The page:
SMOA’s ARTmuse programs are designed to bring renowned artists and museum professionals to our region. Previous visiting artists have included Patrick Dougherty, Lesley Dill, Janet Echelman, Judy Pfaff and Seth Randal. According to Surkis, “They share their creative journey and impart a deep understanding of who they are, what they do and how they do it.” She adds that these featured professionals give the public, “unique and meaningful learning experiences in an up-close-and-personal setting. Our enlightening programs provide Sarasota art enthusiasts a sense of what’s to come once we get SMOA up and running.”
SMOA will be Sarasota’s first art museum devoted to modern and contemporary art. The museum will interweave exhibitions, educational programs and community outreach initiatives to engage a diverse audience and serve as a stimulating hub for creative discovery and discourse. Together, Ringling College and SMOA will transform the former Sarasota High School, a landmark building listed on the National Register of Historic Places, into nearly 60,000 square feet of exhibition space, a 110-seat, multi-purpose auditorium, sculpture court, indoor/outdoor café, classrooms and studios, educational resource and meeting spaces. According to Surkis, this new use is history-making in its own right.
“The reinvented building will regain its stature as one of the area’s most significant and recognizable structures,” she says. “The reinvention of this building, which includes a glass structure, iconic in its modernity, invokes the past, the present and the future. The rebirth of the high school is exhilarating.”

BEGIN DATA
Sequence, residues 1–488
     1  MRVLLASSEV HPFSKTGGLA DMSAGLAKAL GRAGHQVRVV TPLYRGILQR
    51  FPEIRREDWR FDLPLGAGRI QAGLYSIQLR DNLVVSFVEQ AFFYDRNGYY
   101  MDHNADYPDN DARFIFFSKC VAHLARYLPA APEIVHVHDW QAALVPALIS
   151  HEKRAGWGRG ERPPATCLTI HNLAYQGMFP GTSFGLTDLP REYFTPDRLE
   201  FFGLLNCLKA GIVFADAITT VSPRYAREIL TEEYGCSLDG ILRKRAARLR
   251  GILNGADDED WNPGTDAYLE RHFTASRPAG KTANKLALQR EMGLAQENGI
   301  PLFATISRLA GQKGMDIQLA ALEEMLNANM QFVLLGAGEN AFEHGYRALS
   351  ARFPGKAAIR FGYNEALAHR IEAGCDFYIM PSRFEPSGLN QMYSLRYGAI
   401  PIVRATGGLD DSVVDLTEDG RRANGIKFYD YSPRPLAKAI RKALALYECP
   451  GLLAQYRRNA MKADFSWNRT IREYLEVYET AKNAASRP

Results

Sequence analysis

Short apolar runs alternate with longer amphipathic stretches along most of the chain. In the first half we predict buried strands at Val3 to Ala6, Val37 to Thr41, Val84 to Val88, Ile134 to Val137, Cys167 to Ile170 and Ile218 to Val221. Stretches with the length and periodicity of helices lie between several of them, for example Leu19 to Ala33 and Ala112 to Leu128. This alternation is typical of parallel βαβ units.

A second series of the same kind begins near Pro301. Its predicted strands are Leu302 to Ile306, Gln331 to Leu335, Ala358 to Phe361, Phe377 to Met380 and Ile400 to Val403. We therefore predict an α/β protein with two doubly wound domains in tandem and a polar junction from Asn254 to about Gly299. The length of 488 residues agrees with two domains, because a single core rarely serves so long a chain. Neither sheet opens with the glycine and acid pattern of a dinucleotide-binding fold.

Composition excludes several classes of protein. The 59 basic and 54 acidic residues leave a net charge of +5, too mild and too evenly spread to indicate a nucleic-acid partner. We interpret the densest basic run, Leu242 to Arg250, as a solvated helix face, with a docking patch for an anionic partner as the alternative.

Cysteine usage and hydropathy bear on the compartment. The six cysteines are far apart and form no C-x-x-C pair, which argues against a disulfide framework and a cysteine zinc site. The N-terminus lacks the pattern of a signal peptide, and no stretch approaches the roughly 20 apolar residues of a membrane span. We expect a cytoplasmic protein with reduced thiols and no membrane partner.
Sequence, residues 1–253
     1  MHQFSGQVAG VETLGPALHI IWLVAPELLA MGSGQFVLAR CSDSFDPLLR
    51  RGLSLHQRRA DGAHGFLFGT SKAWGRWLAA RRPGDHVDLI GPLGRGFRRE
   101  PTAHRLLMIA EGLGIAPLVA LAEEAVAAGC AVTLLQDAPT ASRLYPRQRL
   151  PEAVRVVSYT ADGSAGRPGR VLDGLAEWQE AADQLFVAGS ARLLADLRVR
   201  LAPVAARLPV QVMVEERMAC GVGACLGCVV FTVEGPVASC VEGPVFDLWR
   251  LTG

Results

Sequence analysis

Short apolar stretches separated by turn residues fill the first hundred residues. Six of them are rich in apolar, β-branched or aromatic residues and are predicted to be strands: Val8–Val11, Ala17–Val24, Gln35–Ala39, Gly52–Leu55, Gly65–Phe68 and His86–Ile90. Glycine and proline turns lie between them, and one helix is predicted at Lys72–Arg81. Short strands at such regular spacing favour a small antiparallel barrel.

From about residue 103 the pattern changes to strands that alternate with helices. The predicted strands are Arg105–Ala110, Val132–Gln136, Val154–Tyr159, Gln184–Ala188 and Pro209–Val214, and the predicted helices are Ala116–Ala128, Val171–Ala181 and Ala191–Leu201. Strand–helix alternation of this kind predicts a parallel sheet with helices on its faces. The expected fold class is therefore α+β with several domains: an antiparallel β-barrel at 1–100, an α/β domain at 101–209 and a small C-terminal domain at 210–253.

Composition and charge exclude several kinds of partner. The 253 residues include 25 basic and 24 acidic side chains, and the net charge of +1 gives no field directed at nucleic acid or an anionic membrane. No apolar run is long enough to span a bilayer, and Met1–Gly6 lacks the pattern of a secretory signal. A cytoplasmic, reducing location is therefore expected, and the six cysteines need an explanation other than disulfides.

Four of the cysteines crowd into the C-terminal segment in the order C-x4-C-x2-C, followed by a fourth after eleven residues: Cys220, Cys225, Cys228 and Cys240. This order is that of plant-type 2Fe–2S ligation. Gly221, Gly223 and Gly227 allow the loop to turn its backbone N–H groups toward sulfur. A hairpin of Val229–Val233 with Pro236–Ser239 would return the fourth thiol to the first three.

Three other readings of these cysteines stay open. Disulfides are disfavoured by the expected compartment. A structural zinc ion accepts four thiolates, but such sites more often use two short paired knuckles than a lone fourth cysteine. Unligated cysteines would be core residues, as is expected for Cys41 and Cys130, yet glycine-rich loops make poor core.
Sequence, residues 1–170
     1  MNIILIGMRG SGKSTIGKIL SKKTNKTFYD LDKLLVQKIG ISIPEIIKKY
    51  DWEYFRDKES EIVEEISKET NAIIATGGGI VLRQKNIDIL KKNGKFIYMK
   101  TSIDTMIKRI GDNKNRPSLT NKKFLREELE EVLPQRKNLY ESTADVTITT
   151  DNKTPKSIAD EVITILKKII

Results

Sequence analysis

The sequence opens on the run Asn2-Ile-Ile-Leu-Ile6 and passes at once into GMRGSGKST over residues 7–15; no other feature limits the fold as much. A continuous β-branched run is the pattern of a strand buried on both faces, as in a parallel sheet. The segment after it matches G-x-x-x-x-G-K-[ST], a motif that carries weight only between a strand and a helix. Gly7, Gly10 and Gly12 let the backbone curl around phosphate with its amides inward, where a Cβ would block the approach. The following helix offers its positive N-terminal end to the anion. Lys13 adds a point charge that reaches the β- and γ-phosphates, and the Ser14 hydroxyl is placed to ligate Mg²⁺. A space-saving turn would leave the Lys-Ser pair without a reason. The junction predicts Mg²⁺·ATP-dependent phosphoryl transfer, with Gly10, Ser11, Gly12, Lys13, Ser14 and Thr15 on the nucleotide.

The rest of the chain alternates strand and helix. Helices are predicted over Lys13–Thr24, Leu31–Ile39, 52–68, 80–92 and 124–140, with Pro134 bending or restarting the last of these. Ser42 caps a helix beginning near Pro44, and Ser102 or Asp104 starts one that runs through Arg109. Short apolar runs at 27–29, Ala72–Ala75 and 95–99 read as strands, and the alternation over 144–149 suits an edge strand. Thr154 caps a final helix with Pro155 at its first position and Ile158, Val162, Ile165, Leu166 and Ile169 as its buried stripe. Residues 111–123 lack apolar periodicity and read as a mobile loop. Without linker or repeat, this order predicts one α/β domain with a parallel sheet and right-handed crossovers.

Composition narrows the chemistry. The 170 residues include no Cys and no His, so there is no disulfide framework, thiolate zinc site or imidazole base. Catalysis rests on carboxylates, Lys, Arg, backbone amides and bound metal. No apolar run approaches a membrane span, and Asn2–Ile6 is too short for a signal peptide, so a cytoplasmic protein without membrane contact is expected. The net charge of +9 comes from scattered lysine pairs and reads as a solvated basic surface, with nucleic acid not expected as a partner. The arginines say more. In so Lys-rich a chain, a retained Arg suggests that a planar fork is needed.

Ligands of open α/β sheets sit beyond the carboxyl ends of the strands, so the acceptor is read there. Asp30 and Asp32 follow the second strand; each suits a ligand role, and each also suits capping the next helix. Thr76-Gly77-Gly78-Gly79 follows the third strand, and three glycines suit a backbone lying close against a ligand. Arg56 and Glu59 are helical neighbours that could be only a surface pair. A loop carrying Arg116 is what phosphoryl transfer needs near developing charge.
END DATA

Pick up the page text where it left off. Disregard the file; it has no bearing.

Surkis adds that the SMOA board has already raised $16.5 million of the $22 million needed to bring the museum to a reality. “We’re in the home stretch,” she says.
For more information about Sarasota Museum of Art/SMOA, visit www.SarasotaMuseumOfArt.org, or call Wendy G. Surkis at 941-309-7662.
About Sarasota Museum of Art
Sarasota’s first museum of modern and contemporary art will be a dynamic destination for exhibiting innovative and compelling visual art of the 20th and 21st centuries. A vital part of Sarasota’s rich cultural legacy, the museum will interweave exhibitions, educational programs and community outreach initiatives to engage a diverse audience and serve as a stimulating hub for creative discovery and discourse. For more information, visit www.SarasotaMuseumOfArt.org.
About Ringling College
Ringling College of Art and Design is a private, not-for-profit, fully accredited college offering the Bachelors of Fine Arts degree in 13 disciplines: Advertising Design, Computer Animation, Digital Film-making, Fine Arts, Game Art & Design, Graphic & Interactive Communication, Illustration, Interior Design, Motion Design, Painting, Photography & Digital Imaging, Printmaking, and Sculpture, and a Bachelor of Arts degree in the Business of Art & Design. Located in Sarasota on Florida’s Gulf Coast, the picturesque 48-acre campus now includes more than 110 buildings, and enrolls nearly 1,400 76 students from 42 states and 53 countries. It is recognized as being among the best and most innovative visual arts colleges in the United States as well as a leader in the use of technology in the arts.